Where to Eat
Where to eat in Fort Worth right now: 6 restaurants with the best sandwiches
Summer’s end is near, which means it's back to school and back to work — and back to wondering where to go for lunch.
Fending off time and trends, the noble sandwich remains the quintessential lunch item. For this month’s Where to Eat, we point you to the best sandwich shops in and around Fort Worth. These are traditional sandwiches, and include venerable classics as well as some worthy newcomers.
For where to eat in Fort Worth, we bring you the best sandwiches in town:
Downtown soup and sandwich shop from the team behind Reata is a real hidden gem, “hidden” being the operative word. It’s at 215 Commerce St., on the second floor of City Center Fort Worth, next to the entrance of a skybridge. You can also find it by entering through the Original Fire Station No. 1 and taking the elevator to the second floor. The sandwiches are worth the extra sleuth work. The Nashville hot chicken sandwich, whose plank of chicken is almost as big as the plate, is a must. Other favorites include a fantastic Italian beef-inspired sandwich called the Chicago, with thinly cut garlic and herb-roasted roast beef and crunchy giardiniere on a toasted hoagie, and the Hot Mess, an aptly named sandwich comprised of pecan-smoked smoked brisket topped with oozing poblano queso blanco and served on sourdough.
With roots dating back to the late 1920s, Carshon’s Deli is one of the city’s oldest restaurants, and most popular, too. Every walk of Fort Worth life can be seen here, from nearby TCU and Paschal High students to the city’s movers and shakers to those barely scraping by. All convene in the small dining room for a signature sandwich, be it the Rachel, piled high with freshly sliced corned beef, turkey, Swiss cheese, cole slaw and Russian dressing and served on rye bread; or the Rebecca, a double-decker made with pastrami, smoked turkey, and cream cheese, all divvied up on three pieces of grilled egg bread. Other sandwiches are of the straightforward-deli sort and include corned beef, pastrami, chopped liver, salami, and roast chicken, most of which are available half or whole. Dessert is a big deal: Many diners try to time their visits to the exact moment when the restaurant’s meringue pies are served fresh out of the oven. Bring cash; this old-school stalwart doesn’t accept credit cards.
Cheba Hut Toasted Subs
When it opened last year, this Colorado-based sandwich chain brought to the Near Southside something the area lacked: a sense of humor. Sandwiches named with pothead double entendres, an ice machine with a cut-out pic of rapper Ice Cube on it, Kool-Aid as a drink option - it’s refreshing to see a restaurant that doesn’t take itself so seriously in an area where so many others do. But the Cheech and Chong atmosphere masks terrific food. Sandwiches come on good quality bread, made fresh, and top-of-the-line ingredients are put to imaginative use, as on the Griefo, a mashup of cream cheese, guacamole, and assorted veggies, and the Sensi Kush, a BLT with bacon and honey sriracha. Coupla nice pluses: the restaurant is open late and has a full bar.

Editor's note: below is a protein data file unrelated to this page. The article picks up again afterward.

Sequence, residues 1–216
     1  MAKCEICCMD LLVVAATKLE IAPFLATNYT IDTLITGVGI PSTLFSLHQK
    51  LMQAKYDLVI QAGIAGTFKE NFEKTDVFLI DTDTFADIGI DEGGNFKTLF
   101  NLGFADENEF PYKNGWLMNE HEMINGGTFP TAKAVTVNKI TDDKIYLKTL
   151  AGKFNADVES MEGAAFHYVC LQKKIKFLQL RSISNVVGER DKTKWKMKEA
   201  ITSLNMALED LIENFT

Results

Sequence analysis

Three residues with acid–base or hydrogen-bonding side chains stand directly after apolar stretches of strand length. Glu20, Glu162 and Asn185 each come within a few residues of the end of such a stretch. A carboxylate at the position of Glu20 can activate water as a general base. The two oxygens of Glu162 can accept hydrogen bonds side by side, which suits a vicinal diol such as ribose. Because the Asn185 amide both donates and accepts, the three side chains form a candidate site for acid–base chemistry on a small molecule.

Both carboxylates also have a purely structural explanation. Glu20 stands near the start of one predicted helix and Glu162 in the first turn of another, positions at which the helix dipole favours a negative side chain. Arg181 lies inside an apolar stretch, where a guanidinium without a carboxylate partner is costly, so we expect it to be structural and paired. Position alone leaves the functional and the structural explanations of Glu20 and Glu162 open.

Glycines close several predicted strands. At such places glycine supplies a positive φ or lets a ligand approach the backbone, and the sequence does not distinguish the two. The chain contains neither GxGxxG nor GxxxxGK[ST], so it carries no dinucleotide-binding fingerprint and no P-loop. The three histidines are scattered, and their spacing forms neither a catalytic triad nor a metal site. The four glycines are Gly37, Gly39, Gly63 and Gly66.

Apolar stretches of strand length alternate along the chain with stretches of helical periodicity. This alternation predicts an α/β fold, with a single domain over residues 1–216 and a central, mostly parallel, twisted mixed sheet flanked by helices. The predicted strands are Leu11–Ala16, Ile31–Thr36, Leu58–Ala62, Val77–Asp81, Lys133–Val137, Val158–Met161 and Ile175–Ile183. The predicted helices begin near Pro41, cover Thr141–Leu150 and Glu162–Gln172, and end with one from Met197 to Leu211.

Colossal Sandwich Shop
The shop itself is small, occupying a strip mall spot at 1220 Airport Fwy., but as the name of their restaurant implies, owners and longtime friends Terry Duncan and Jonathan “Jono” Merrill serve super-size sandwiches, with most being big enough to share. Their sandwiches aren’t the same ol’ and are more aligned with the chef-inspired variety you’d find at high-caliber restaurants. “The Colossus,” their rendition of a pulled pork sandwich, features braised pork shoulder topped with jalapeno slaw and housemade barbecue sauce served on a grilled onion roll. Their grilled cheese, the Ooey Gooey, is a messy delight: a bed of roasted veggies comes topped with melted cheddar and provolone and a housemade herbed cheese spread.
Beloved sub shop at 2221 South Collins St. in Arlington was opened in 1980 by founder Lawrence Dino, whose grandfather ran a similar business in New Jersey. A magnet for nearby UTA students, it has a rock & roll vibe, with cheap pitchers of beer, a big screen TV, loud piped-in music, and sometimes grumpy sandwich-makers. All add to Dino’s charm. You move through a line, ordering your sandwich by the size and number (and if you don’t, you’re quickly reminded by employees). Then you pick your toppings, sides, and drinks. Must-gets include the #21, layers of baked ham, peppered beef, mushrooms and provolone, all topped with cream cheese; #15, a simple but flavorful mashup of avocado and muenster cheese; and #18, a dessert sandwich made with honey, bananas, and peanut butter. There are lots of salads, too, plus pastas and cheesecakes. Cool, cool place.
Recently named best deli in the state by the website Eat This, Not That, the Grapevine location of this Chicago-born restaurant is a long-running, old-fashioned deli serving upscale sandwiches out of a neat street-corner spot at 601 S. Main St. You gotta get there early if you want to dine-in; the place is typically packed by 11:30 am each day. Many come for the Italian beef sandwich, served as it is in Chicago, either dry or wet, with hot, mild or sweet peppers. Others swear by the Oscar, a salami, capicola, and pepperoni combo topped with grilled mortadella, provolone, and giardiniera. Weinberger’s is one of the few sandwich shops in North Texas to offer the New York-style chopped cheese, a mix of ground beef, grilled onions, American cheese, ketchup and mayo on a garlic toasted baguette. Man, it’s good.